Petra Baker: I attended Saint Louis Public Schools from Kindergarten through 8th grade. At an early age, I knew I would be a teacher. I taught my sisters, nieces, nephews, and children in my community on the steps of my front porch. My third-grade teacher, Helen Lilly at Cote Brilliant Elementary School, provided the material for Baker Elementary School. My love for reading compelled me to read my older brothers’ and sisters’ books.
I graduated from Cardinal Ritter College Prep High School. I hold the following degrees: a Bachelor of Science Degree in Elementary Education from Alcorn State University in Lorman, Mississippi; and a Masters in Educational Administration and an Education Specialist Degree in Administration from the University of Missouri – St. Louis.
Early in my career as a student teacher in Mississippi, I experienced a classroom of students with multiple disabilities. They arrived earlier and left later than other students. Everyone knew my strong love for children and my determination to find out where these students came from. As a result of my inquisitiveness, I was only told what they could not do, while the insensitive teachers sat at their desks eating in front of them. I would purposely stop by the classroom whenever I had a break. I memorized all of their names and interacted with them individually.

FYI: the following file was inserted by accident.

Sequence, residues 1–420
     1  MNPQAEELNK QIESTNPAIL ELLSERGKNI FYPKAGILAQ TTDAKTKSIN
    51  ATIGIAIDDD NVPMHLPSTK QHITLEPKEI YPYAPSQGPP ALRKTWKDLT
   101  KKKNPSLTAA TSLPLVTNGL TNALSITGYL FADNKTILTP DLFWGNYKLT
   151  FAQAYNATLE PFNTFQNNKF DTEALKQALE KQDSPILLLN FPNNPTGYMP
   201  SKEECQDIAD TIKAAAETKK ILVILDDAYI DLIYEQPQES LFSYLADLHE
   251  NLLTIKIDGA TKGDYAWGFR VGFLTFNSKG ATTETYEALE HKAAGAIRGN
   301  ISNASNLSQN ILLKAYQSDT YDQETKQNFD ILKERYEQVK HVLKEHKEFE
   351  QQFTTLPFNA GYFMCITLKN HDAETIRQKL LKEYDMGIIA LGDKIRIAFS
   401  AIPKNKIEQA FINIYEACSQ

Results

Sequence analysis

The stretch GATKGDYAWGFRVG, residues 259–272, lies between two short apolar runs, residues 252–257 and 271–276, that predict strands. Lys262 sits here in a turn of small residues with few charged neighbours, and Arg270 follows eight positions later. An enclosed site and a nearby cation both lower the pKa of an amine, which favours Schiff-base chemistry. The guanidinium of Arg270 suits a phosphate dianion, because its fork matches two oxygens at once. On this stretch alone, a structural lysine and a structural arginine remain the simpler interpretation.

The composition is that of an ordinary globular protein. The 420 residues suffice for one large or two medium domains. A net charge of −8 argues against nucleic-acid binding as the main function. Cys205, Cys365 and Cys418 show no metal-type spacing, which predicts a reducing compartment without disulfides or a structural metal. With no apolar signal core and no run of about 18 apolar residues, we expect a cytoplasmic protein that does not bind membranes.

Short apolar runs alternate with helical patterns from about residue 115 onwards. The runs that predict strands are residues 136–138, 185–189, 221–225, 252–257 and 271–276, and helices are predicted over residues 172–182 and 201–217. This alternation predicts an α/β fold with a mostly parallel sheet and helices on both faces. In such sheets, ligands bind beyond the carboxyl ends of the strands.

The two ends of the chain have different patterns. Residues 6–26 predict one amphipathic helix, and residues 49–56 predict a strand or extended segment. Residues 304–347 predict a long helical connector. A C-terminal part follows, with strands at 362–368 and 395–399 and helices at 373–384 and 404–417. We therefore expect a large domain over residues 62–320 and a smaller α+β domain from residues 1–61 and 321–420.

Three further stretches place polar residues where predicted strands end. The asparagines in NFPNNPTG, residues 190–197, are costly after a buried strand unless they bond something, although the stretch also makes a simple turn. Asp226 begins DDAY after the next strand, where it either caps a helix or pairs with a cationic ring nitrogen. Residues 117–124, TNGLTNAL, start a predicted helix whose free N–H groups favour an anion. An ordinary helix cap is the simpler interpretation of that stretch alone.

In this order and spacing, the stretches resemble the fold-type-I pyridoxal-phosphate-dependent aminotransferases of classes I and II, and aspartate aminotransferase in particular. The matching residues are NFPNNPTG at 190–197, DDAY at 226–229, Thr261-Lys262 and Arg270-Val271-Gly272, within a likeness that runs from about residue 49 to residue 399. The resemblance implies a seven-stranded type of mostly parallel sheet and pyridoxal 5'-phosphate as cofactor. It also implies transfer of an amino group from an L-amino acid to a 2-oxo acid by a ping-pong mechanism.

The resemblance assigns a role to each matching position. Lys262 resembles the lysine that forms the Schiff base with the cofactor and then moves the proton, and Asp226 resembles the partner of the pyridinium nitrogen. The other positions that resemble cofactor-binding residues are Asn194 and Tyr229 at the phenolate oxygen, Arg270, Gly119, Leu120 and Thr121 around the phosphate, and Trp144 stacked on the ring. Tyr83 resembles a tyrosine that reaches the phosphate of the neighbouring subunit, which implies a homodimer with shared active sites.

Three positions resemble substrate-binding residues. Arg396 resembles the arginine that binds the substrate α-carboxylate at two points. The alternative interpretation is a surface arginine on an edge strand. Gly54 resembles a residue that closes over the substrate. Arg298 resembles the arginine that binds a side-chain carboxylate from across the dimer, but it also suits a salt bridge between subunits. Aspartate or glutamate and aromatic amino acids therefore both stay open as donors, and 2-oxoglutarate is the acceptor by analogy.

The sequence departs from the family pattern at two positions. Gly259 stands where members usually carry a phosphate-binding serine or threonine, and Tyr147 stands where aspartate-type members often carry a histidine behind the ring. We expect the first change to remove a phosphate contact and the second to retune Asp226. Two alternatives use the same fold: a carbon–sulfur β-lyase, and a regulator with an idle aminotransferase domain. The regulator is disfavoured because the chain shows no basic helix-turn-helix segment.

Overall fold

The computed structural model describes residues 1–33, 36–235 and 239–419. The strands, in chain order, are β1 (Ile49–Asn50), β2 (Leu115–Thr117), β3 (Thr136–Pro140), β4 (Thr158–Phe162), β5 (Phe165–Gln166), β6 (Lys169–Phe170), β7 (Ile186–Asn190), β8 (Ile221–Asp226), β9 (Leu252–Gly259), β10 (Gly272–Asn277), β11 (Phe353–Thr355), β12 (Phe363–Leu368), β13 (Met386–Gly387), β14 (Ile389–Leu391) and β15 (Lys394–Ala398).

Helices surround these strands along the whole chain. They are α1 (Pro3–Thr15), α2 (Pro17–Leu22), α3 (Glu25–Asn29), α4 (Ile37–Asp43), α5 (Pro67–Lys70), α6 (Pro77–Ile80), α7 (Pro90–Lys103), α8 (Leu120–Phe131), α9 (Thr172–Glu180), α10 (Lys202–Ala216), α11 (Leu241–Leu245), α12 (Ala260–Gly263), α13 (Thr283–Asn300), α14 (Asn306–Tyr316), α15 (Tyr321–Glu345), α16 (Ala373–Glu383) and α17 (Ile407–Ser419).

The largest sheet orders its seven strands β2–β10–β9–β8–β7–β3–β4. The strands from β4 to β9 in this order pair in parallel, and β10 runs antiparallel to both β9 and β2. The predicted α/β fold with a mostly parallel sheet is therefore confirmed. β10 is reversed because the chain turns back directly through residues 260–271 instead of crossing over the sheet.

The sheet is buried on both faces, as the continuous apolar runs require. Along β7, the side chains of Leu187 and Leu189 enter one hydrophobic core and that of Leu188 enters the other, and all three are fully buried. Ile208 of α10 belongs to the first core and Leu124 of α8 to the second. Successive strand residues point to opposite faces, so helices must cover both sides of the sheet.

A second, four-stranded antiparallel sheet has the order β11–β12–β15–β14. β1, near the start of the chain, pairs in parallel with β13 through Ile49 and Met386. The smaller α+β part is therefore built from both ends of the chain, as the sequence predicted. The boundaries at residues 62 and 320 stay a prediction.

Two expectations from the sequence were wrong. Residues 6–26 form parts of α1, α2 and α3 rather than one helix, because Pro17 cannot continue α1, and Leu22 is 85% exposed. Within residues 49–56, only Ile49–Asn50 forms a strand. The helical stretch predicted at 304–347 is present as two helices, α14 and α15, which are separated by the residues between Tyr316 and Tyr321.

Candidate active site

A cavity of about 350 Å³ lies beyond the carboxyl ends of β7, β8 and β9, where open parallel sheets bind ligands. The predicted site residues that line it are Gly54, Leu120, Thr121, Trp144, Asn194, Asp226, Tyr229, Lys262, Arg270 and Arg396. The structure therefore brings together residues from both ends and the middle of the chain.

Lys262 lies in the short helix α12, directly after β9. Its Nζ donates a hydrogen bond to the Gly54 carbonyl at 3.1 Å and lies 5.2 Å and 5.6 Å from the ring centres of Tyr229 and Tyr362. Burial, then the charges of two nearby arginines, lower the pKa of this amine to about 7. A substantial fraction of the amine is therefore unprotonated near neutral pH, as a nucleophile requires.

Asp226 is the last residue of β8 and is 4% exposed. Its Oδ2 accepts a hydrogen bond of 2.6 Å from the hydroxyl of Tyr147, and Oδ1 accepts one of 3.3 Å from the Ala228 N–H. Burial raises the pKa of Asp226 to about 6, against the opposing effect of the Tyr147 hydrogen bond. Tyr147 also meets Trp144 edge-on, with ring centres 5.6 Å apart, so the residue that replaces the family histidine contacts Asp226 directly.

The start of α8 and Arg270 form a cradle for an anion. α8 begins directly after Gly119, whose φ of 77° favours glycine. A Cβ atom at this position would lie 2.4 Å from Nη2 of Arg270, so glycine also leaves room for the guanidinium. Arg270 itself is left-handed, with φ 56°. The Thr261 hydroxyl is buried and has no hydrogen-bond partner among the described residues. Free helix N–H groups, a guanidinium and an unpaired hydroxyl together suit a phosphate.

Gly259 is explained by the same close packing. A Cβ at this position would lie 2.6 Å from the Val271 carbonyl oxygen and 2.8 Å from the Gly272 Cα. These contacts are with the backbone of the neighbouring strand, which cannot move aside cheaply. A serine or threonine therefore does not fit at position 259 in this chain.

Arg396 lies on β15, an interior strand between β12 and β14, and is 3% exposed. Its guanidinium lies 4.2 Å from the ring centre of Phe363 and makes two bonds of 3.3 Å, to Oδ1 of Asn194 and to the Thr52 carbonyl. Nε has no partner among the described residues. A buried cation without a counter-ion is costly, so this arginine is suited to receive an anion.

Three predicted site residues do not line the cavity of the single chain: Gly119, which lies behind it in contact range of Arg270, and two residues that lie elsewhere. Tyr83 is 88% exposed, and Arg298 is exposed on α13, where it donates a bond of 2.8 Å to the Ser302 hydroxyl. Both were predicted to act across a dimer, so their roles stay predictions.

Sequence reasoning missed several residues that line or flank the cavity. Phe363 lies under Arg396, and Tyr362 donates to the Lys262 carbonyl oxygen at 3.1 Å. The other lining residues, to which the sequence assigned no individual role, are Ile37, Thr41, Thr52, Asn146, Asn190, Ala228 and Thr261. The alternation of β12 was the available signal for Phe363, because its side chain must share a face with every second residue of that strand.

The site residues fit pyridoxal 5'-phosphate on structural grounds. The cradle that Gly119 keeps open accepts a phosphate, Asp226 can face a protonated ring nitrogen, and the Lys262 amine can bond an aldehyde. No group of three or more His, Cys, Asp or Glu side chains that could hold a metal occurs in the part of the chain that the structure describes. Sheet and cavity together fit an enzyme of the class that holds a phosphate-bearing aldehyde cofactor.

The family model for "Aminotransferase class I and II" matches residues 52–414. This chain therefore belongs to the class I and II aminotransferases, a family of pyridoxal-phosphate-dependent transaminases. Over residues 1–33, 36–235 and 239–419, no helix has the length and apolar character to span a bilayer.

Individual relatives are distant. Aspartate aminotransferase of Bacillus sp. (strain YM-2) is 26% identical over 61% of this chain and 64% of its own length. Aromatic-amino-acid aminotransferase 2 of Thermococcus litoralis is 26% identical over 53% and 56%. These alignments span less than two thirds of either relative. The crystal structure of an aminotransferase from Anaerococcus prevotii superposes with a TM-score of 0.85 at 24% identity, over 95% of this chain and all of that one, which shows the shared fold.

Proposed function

One child in particular could not control his drooling. I teased him saying he would not get a girlfriend if he did not wipe his face. Using hand over hand, we made a game of wiping his face, while the staff laughed, saying I was wasting my time. By the time the child completed student teaching, he could wipe his face on his own. His success surprised the staff and his parents. His perseverance inspired me to make a difference and instilled in me that all progress should be celebrated.
St. Louis American: Tell us about your future goals in education.
Petra Baker: My future goals in education are to continue to be a lifelong learner, never lose my passion for people, always see the good in everyone, and continue to be a pillar in education.
St. Louis American: Tell us about any relevant personal information you would like to share with the community – your family, friends, home church, passions.
Petra Baker: I am one of 13 children. My mother, Barbara L. Hinson, instilled a legacy of faith, family, and the pursuit of education. My mother made many sacrifices to provide us with experiences that exposed us to educational opportunities, different cultures and social events. Before her death in 1993, she lived to see most of her children and many grandchildren receive college degrees.
I have a son, Brandon Baker, whom I am very proud of and who works with the St. Louis Metropolitan Police Department. I also have a daughter, Charael Baker, who lives in Florida. I have two grandchildren, Braylen and Brionne. I am a member of City Hope Bible Church.
St. Louis American: Feel free to add anything else you would like to share with the community about education or yourself.
Petra Baker: I am honored and grateful for this award that has been bestowed upon me.